Imagine you've been to the doctor multiple times for a vitamin deficiency. Now imagine that even after numerous treatments, you still have a deficiency, as well as low white blood cell counts. So your doctor runs some blood tests and finds out something awful. You are HIV-positive. He informs you of this. Do you a) cry, b) be grateful you found out what the problem is and commence treating your HIV, c) sue the doctor. If you're a certain 31-year-old woman in the sue-happy state of New York, you do c. Your reason? Besides hoping for a quick payout, I mean? Because you just don't want to know. Um ... okaaaay.
The unidentified woman is suing her doctor at Lifex Medical Care in New York because he tested her for HIV without her knowledge. Granted, in this state you do need to consent to being tested for HIV. The woman claims that even though the doctor recommended an HIV test to try and find the root of her health problems, she refused it. Why would anyone refuse an HIV test?
Because she just don't wanna know.
Says the woman:
I was tricked. I never signed any paper. It was a slap in the face. My body got numb. I was not good after that.
Hm, this sounds suspiciously like someone who doesn't want to take responsibility for her own health. I can understand not wanting to know if you've got terminal cancer. When my grandmother was diagnosed, she specifically asked the doctor and her family NOT to tell her the extent of the disease.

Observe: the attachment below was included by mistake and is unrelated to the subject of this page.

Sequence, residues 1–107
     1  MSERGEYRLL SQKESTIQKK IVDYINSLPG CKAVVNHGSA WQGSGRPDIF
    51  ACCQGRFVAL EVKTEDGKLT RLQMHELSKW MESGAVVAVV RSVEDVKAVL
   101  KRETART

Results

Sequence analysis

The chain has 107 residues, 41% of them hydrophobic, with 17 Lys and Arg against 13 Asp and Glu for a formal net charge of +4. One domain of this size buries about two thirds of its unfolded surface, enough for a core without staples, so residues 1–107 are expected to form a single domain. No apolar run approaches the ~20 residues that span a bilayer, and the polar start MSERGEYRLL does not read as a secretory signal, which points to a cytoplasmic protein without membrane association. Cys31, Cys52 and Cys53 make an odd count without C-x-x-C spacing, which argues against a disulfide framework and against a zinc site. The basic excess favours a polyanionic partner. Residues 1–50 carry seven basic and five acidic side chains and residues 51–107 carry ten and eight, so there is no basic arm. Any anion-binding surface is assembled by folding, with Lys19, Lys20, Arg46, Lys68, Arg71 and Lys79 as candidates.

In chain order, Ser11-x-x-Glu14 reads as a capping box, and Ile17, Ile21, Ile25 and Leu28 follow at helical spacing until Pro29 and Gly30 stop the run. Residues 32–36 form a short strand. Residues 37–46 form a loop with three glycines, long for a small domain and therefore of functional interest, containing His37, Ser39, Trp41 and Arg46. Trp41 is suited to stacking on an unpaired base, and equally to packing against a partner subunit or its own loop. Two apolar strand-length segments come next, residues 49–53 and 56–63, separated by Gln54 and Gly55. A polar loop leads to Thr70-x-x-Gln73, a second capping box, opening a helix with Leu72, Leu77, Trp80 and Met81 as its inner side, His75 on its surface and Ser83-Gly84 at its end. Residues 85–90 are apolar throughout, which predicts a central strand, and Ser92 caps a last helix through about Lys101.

But the HIV virus you can transmit to other people. Why wouldn't you want to know about it? Maybe you don't want to worry about the precautions you will now have to take for the rest of your life? Maybe not want to worry about the conversations you may have to have with sexual partners? Maybe you didn't want to know so you won't be tempted to tell anyone, who then might judge you or react badly? Maybe you just don't want to be honest and responsible. Maybe.
Her lawyer says she had her reasons for not wanting to know, but doesn't say what those are. Maybe she's worried about the registry of HIV-positive people she will now be entered into, and what will be done with that information. Maybe she's worried about being denied health coverage in the future.
But when it comes to your health -- and the risk your health may pose to others -- you can't just bury your head in the sand. The truth -- even about HIV -- will set you free.
Would you want to know if you were HIV-positive?
Image via David_Jones/Flickr